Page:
Though feline periodontal disease is a serious problem, the good news for cats and their owners is that the condition, if detected early enough, can be prevented.
Schedule regular vet checkups for your cat
Your cat should be taken to the vet for a health check at least once a year. Your pet’s checkup can be scheduled to coincide with his annual booster vaccinations, saving him the stress of an extra trip to the clinic. A dental and oral health check will be part of this annual review. The dental check will allow your vet to identify any potential problems that may be forming and treat them accordingly. Between checkups, it is up to you to look after your cat’s oral hygiene at home.
Brush your cat’s teeth daily
Ideally, you should brush your cat’s teeth every day to get rid of plaque and thus prevent the formation of tartar (dental calculus). Daily brushing is very important, as it only takes a few days exposure to the cat’s saliva for the plaque biofilm to turn into hard tartar. Once your pet’s teeth have a coating of tartar, a veterinary dental cleaning is required to remove it. If tartar is allowed to form unchecked, your pet will develop gingivitis, and ultimately, periodontal disease.
Use the right tools
Before attempting to brush your cat’s teeth, you must equip yourself with the right tools for the job. Pet toothbrushes look similar to human ones, but with a smaller head and a longer handle. Pet toothbrushes are often double-ended, allowing you to choose a small brush, depending on what your cat finds most acceptable. Use a soft-bristle brush of a size suitable for the cat’s oral cavity. Your vet will recommend the appropriate size brush for your cat.
Don’t use human toothpaste to clean your cat’s teeth!
Unlike their human owners, cats don’t spit and rinse when their teeth are brushed! Human toothpaste contains substances that can lead to liver damage in your feline companion. Human toothpaste also contains xylitol, a sugar substitute. Cats that swallow xylitol and absorb it are at risk of an initial insulin surge followed by a catastrophic drop in blood sugar. Xylitol can also cause severe liver disease in cats. Some brands of human toothpaste also contain baking soda and other abrasive substances that are irritants to a cat’s digestive tract. For these reasons, you must use only pet-specific toothpaste or gel to clean your cat’s teeth. These products come in pet-friendly flavors that are more palatable to cats. Additionally, they contain special enzymes that kill bacteria to discourage the formation of plaque. You can get pet-specific toothbrushes, pastes, and gels from your vet or from a reputable pet supply store.
How to brush your cat’s teeth
This is a process that should be introduced gradually, and you need to be patient. Use plenty of praise throughout your cat’s toothbrushing lessons, and reward him with petting, a treat, or play so that the sessions are always fun. Your pet’s mouth must be pain free, meaning no periodontal disease; otherwise, brushing will be extremely difficult. Never use force to try to restrain your cat. If your cat becomes aggressive or distressed, stop immediately and consult your vet for advice.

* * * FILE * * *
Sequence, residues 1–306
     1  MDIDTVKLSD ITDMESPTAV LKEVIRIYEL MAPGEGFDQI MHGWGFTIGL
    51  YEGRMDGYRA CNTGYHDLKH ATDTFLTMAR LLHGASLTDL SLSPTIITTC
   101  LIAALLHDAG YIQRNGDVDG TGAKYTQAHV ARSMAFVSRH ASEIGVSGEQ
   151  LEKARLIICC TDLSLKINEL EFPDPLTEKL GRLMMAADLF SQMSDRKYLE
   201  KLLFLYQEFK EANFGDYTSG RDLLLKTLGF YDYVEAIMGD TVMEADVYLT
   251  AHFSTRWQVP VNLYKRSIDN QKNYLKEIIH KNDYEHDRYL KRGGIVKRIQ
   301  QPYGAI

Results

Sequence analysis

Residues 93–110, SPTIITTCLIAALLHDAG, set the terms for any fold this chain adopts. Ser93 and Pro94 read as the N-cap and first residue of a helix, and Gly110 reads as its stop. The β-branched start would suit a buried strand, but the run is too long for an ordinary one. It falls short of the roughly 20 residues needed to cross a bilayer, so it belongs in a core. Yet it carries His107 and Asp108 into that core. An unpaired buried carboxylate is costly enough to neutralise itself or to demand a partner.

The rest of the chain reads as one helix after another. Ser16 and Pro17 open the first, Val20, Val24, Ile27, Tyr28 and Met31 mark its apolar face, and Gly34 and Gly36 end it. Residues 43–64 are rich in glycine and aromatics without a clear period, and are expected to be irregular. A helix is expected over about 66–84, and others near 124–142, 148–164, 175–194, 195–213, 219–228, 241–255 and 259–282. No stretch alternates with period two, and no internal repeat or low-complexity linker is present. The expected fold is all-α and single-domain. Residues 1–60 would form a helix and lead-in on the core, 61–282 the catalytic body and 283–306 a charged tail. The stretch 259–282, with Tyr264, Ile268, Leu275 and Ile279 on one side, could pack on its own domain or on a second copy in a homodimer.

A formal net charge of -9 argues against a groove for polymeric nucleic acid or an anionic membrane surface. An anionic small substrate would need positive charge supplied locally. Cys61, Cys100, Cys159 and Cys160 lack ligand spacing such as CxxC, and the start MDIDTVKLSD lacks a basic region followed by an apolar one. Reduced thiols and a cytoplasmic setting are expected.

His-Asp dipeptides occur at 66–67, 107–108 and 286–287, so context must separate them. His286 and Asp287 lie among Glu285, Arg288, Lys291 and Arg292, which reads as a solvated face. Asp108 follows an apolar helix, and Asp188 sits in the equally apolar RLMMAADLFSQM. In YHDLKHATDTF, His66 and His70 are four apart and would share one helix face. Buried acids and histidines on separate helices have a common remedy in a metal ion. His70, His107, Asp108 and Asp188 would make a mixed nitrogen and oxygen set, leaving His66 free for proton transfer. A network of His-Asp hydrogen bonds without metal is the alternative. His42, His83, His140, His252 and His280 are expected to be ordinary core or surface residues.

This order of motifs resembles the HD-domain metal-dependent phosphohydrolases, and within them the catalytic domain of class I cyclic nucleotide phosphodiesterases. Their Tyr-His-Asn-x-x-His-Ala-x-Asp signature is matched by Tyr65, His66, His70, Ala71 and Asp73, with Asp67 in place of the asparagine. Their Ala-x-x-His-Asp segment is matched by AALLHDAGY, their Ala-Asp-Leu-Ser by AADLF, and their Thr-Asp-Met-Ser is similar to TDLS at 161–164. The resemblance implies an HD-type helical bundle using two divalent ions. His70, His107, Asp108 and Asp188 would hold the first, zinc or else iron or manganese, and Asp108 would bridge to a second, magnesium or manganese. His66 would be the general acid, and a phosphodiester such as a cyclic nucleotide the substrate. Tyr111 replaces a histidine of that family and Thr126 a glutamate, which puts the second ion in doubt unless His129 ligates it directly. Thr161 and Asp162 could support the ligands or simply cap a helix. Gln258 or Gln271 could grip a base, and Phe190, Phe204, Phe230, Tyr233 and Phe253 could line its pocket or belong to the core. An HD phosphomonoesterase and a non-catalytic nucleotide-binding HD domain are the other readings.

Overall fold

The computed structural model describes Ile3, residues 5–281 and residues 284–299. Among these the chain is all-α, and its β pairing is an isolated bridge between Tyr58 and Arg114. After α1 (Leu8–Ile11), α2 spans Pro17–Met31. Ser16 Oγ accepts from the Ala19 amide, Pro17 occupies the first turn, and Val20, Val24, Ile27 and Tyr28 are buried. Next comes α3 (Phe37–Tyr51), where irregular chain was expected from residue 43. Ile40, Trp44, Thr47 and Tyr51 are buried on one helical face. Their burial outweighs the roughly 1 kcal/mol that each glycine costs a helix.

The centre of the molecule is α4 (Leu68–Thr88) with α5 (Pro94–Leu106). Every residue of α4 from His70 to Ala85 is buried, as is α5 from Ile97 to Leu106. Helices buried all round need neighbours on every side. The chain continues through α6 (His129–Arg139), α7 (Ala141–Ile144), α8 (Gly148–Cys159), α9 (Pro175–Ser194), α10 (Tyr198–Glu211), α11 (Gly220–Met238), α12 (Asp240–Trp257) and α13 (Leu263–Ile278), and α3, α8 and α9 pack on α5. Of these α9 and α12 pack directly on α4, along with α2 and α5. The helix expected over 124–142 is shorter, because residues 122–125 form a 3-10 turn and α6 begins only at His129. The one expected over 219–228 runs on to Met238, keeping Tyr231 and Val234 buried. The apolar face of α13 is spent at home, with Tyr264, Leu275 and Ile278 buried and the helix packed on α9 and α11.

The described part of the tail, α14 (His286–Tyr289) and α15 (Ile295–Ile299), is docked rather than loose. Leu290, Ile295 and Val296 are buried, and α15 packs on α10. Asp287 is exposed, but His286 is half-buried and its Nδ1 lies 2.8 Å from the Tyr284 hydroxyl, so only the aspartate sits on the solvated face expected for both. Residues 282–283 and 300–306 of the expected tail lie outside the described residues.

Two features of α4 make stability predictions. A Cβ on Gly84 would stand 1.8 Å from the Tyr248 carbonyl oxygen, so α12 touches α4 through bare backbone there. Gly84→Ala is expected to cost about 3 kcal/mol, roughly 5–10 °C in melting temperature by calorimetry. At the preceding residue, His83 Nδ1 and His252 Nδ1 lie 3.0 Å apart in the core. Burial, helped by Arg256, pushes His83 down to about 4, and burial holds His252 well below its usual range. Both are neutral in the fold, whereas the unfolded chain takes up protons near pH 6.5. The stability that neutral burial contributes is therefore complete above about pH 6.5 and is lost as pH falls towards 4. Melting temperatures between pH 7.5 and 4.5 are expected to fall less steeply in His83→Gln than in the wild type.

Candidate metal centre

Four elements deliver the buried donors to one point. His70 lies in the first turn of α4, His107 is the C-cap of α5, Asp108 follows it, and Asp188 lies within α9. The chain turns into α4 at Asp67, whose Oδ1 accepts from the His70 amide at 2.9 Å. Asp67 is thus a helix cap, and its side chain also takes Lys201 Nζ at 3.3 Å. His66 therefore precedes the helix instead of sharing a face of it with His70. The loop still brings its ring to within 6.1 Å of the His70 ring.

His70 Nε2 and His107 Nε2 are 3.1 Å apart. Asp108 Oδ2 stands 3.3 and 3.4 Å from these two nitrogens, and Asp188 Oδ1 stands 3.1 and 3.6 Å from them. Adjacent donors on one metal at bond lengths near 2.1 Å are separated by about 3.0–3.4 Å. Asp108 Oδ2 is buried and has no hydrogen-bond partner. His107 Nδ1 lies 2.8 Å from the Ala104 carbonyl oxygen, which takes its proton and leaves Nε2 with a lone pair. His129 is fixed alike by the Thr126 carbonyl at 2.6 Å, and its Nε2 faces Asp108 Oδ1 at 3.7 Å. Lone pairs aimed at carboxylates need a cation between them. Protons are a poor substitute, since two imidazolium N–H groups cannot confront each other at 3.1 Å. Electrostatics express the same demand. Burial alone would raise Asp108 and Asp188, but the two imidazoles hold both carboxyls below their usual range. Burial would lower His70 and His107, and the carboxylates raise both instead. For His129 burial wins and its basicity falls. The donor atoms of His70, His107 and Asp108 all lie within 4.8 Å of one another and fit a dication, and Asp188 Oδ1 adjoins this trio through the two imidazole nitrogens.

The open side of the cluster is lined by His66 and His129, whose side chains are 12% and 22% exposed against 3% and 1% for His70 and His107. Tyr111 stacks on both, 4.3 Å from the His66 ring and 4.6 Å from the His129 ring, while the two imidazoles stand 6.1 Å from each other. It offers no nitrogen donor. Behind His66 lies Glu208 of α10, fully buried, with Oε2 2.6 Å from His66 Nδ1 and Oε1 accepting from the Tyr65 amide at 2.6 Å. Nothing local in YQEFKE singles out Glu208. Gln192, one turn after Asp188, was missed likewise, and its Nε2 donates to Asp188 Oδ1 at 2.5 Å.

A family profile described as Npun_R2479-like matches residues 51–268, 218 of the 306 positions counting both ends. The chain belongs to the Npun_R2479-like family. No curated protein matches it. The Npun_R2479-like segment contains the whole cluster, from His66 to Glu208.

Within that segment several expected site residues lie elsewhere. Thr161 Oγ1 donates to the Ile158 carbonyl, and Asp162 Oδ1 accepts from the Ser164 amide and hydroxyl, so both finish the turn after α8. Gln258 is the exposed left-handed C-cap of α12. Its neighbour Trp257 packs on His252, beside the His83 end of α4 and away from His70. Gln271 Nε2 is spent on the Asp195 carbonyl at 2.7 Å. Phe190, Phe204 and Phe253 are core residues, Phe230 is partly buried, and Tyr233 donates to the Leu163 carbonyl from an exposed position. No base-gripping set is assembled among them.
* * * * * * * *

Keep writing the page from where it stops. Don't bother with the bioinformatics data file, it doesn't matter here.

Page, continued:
Start by gently stroking the outside of your cat’s face with your finger. Carefully lift up his lip to expose the outside surfaces of the teeth and gums.
Repeat the process as above, but this time put a small dab of toothpaste on your finger and allow your pet to taste it.
Dampen your pet’s toothbrush, add a small amount of toothpaste, and very gently clean the gums and teeth, especially the back upper molars and canines where plaque tends to accumulate.
Concentrate on brushing the outer cheek-facing tooth surfaces; the cat’s tongue will naturally spread the enzyme-rich toothpaste to the inner surfaces and other hard-to-reach areas.
Give your cat quality toys and chews
Fibrous veterinary treats can provide effective self-cleaning devices for your cat’s teeth. As he chews, his teeth penetrate the material, wiping away plaque and massaging his gums, but this can also lacerate the gingiva. Although it is not advisable to feed natural bone (chicken necks) that may splinter and harbor bacteria, feline dental chews can be helpful in rubbing away plaque from the teeth while your cat enjoys munching on his treat.
Ensure your cat follows a healthy diet
A diet that comprises primarily soft food can leave a cat vulnerable to greater accumulations of plaque than an animal fed mainly hard kibble. If your cat is prone to oral health problems, your vet may recommend a diet that is formulated to include ingredients that will slow plaque mineralization and decrease oral bacteria. The Veterinary Oral Health Council provides helpful information about vet-approved plaque and calculus-control products for cats.
It’s possible to prevent feline periodontal disease and gingivitis
Annual veterinary dental checks are essential for your cat.
Daily home toothbrushing/cleaning is the best method for to prevent feline periodontal disease and gingivitis. Remember that human toothpaste is not safe for use in cats.
Fibrous chews can provide effective self-cleaning devices for your cat’s teeth.
Ask your vet about a diet that will slow plaque mineralization and decrease oral bacteria.
Water additives are available to help prevent plaque and calculus formation. They can be obtained from your veterinarian.